Addicting Granola Bars

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Gratifying Granola Bars

Gratifying Granola Bars

I’m starting a “Granola Bars Anonymous” organization of which I will be president.  To join, you must be unwilling to eliminate granola bars from your household, ever.  HA!  

My original granola bar recipe from King Arthur Flour was one of those concoctions I tried on a whim. I expected them to be better than average but not anything I would make every three days for more time than I can recall.  And yet…my husband and my daughter became hooked on them and I now feel obliged to bake a batch every few days, place them in the freezer, and remove a few every morning for that day’s consumption.  My family has declared that these rather bland-looking bars are their new favorite food. Every morning I put them inside a decorative jar on my kitchen island, where they have become known as “island food” and quickly disappear.

Of course I didn’t leave the recipe as it was written.  I played around with the nuts, seeds, and other add ons to get what I thought tasted best. No, I did not add chocolate of any kind to these.  You could do so, but a few in my family do not like mixing fruit and chocolate.  Personally, I decided that there is enough chocolate in my life. Plus, I pack these bars “to go” so filling them with fruit, seeds and nuts rather than gooey chocolate just makes sense. Honestly – I think they are perfect. And I happily added them to my “Things I Love” folder.

Beautiful Bars ... but they go so fast!

Beautiful Bars … but they go so fast!

Bukkah’s* Granola Bars

Makes 16 pretty substantial bars that you could cut in half again, but trust me you’ll eat an entire bar!



  • 1 ⅔ cups old fashioned oats – divided one cup and ⅔ cups
  • ⅓  cup raw turbinado sugar (I prefer this more granular sugar for texture)
  • ½ teaspoon sea salt
  • 1/3  teaspoon ground cinnamon
  • 3 oz dried cherries or dried cranberries
  • 6 large pitted and chopped medjool dates
  • ⅓ cup unsweetened shredded coconut
  • 1 tsp finely grated orange rind
  • Scant cup of finely chopped pecans (I put whole pecans in the Nutribullet for a few seconds to really chop them finely but you can do this by hand too)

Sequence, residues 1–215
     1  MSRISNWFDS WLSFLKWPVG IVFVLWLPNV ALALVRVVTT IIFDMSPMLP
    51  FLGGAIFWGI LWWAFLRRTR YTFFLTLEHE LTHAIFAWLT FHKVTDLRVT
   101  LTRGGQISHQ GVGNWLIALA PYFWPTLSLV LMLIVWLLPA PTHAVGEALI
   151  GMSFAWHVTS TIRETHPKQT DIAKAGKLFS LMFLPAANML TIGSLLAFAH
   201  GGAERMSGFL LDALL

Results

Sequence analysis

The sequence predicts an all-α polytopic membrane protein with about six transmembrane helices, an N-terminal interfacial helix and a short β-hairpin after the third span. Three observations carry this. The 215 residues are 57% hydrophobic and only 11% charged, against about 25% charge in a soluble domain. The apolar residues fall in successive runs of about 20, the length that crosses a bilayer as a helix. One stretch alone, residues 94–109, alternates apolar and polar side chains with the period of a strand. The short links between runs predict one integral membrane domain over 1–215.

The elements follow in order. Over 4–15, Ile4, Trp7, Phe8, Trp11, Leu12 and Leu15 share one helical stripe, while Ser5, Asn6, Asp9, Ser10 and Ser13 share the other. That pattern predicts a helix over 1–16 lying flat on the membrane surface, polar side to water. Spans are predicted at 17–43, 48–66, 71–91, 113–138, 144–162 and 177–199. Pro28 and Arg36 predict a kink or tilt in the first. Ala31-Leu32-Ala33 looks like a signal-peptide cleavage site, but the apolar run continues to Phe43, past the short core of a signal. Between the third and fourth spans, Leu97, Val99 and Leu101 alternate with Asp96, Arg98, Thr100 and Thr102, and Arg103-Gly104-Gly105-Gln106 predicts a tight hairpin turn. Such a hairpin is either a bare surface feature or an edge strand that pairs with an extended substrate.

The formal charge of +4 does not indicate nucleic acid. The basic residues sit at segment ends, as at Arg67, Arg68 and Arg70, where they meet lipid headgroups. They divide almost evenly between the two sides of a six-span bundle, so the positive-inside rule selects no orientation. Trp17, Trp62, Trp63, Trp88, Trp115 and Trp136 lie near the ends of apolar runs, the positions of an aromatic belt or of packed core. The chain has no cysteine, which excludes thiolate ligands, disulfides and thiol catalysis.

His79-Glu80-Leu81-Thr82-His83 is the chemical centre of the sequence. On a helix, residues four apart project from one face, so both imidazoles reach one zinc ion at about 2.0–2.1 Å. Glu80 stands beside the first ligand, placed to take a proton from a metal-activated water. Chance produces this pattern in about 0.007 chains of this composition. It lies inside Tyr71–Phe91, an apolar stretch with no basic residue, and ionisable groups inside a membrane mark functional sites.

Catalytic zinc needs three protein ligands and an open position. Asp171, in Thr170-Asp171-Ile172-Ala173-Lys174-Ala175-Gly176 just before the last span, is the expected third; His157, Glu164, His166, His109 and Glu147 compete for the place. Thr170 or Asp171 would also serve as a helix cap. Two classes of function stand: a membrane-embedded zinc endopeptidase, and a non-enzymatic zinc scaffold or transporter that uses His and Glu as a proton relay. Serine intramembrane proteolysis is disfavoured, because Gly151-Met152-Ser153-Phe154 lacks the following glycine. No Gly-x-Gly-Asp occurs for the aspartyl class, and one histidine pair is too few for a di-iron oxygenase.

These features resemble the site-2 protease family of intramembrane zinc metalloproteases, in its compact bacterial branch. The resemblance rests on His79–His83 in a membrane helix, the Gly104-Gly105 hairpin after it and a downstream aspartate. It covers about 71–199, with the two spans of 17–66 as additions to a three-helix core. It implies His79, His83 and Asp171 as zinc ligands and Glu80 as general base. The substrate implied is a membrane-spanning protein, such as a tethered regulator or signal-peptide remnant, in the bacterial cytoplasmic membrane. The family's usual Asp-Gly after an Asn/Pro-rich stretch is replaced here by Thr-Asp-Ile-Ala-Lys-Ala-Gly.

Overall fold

• ¼ cup untoasted white sesame seeds
  • ⅓ cup raw unsalted sunflower seeds
  • ⅓ cup raw unsalted pumpkin seeds
  • ⅓ cup chunky peanut butter or sunflower butter
  • 1 teaspoon pure vanilla extract or vanilla paste
  • 6 tablespoons melted salted butter (cool briefly)
  • ⅓ cup honey
  • 1 tablespoon water

Preheat the oven to 350. Grease then line an 8″ x 8″ x 2″ brownie pan in one direction with parchment paper, allowing it to go up the opposing sides. Lightly grease the parchment paper and the exposed pan, or coat with a non-stick spray.

Place one cup of the oats in a mixing bowl. Place the other ⅔ cup in a blender or Nutribullet and whirl them briefly to make oatmeal flour.  Then add this to the bowl with the other oats.   Add in all the other dry ingredients, including the fruit and nuts, and stir well.

In a separate bowl, whisk together the vanilla, melted butter, peanut butter, honey and water. With your hands or wearing disposable gloves, mix the wet ingredients with the dry ingredients.  The raw mix will be like thick, wet oatmeal.

Spread in the prepared pan, pressing down firmly all over, into the corner too, to ensure they are molded to the shape of the pan. I use the flat part of a  bench scraper and really push hard to pack the bars.

Bake the bars for 35 minutes, until they’re brown around the edges and top. They’ll still seem soft in the center of the pan but will firm up when cooling.  I press everything down firmly again in five minutes after they sit on the counter in the pan. Again, I use my palms. After you push the bars down, go around the perimeter with a knife to loosen.

In 30  minutes, cover the pan with a cutting board and flip it over so the bottom side of the bars face up.  The parchment will keep them from sticking.  Peel the parchment paper off the top and put the cutting board and bars into the fridge for another half hour.

Once the bars are totally cold, use a  serrated knife to cut the bars into 16 squares. Do this carefully so they don’t crumble apart.

To store, I put the cut bars in glass or plastic airtight covered containers and I usually keep mine in the fridge or freezer.

It surprises me that my grandkids,  who are highly discriminating eaters,  didn’t really think these were worth ooing and ahhhhing over.  Fine, more for us.  In a scientific controlled study of 25 Seattle and San Francisco relatives and friends, 100% of participants were crazy about these bars.

For me, it’s going to be a recipe I rotate through on a weekly basis until I get overdosed.  When I’m starving  or in a plane, these are fantastic.  And they are hands down superior to commercial granola bars with a long shelf life that come in tiny plastic bags with words like food coloring and high fructose corn syrup high up on the ingredient list.

These follow my own food rules: they contain whole foods, lots of seeds, nuts and whole grains, and dried unsweetened fruit.  Perfect?  Of course not. They contain sugar and honey and butter.   But in my world when I start with mostly whole foods and make something that has a freezer life and is so satisfying when I’m on the run, I’m happy.  

* In case you’re wondering … Bukkah is the name my grandkids all call me.  My daughter Rachel came up with it – it’s what she called her grandmother. No “grandma” or “Bubbie” in our family. Bukkah all the way!

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